The harbour porpoise occurs exclusively in the northern hemisphere, in coastal and offshore waters in the Atlantic and Pacific oceans. Depth and slope are the most important variables determining harbour porpoise distribution, which are related to the distribution of their prey, such as sandeels that dwell at the sea floor Harbour porpoises are mostly found in waters between 50 and 200m deep. Other factors affecting harbour porpoise distribution are salinity, tidal state, and distance from land. Porpoises move within the same geographic area, and although individual movements vary greatly, as some porpoises travel dozens of km a day moving to far areas, while others stay in the same area for weeks, no coordinated migrations have been identified.
The harbour porpoise is one of the six extant porpoise species in the world.
As a species, their main predator is the killer whale, and it has been suggested that harbour porpoises produce high frequency vocalisations to them, as these frequencies are way above killer whale hearing. In UK waters, the killer whale population is very small and therefore likely of little concern for harbour porpoises. In recent years, a new, unexpected predator has been reported for the North Sea and adjacent waters: the grey seal (Halichoerus grypus). Observations of grey seals feeding on harbour porpoises have been made in many European countries, including Belgium, France, the Netherlands, and the UK. These observations include reports of scavenging as well as active predation!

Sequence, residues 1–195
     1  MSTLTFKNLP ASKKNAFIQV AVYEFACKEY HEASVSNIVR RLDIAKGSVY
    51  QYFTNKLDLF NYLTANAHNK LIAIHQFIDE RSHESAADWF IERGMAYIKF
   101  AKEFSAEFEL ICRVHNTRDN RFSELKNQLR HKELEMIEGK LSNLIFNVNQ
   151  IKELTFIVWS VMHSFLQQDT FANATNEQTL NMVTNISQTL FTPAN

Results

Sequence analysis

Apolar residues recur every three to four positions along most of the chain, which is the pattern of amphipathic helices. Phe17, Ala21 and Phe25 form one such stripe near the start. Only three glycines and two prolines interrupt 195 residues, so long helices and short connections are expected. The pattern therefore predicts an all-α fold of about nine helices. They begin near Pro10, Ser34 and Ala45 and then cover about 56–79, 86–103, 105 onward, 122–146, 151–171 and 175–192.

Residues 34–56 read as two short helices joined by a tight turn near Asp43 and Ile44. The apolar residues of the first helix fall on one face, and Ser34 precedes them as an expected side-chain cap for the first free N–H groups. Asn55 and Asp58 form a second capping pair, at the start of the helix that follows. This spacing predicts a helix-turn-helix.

Listed under ‘Least Concern’ on the IUCN Red List of Endangered Species, the harbour porpoise faces nonetheless considerable threats due to anthropogenic activities, especially in certain regions. The main threat is being caught in fishing nets, which is driving the Baltic Sea population to extinction. Other threats include anthropogenic noise, pollution, and marine debris. Additionally, these little critters are being killed by bottlenose dolphins in coastal waters off California, in the US, and off Scotland, in the UK. The reasons for these non-predatory deadly interactions remain unknown for the scientific community, although several hypotheses have been postulated.
The main threat to harbour porpoises is incidental catches in fishing gear.
Harbour porpoises are protected by international legislation throughout their distribution range. In Europe, for example, the parties of the Agreement on the Conservation of Small Cetaceans in the Baltic, North East Atlantic, Irish and North Seas (ASCOBANS) are obliged to develop and adopt measures to protect harbour porpoises, as well as to acquire knowledge about their occurrence, abundance, and distribution. Additionally, the harbour porpoise is listed in the Annex II of the Habitats Directive (Council Directive, 1992) and member states are required to set up Special Areas for Conservation (SACs) for listed species.